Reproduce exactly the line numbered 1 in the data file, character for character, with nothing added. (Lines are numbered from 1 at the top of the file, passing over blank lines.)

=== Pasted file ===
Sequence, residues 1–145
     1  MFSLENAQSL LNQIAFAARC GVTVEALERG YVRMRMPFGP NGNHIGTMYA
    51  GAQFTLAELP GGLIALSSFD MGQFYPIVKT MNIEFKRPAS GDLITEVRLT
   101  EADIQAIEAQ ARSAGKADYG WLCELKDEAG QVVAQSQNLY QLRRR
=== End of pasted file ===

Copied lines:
Sequence, residues 1–145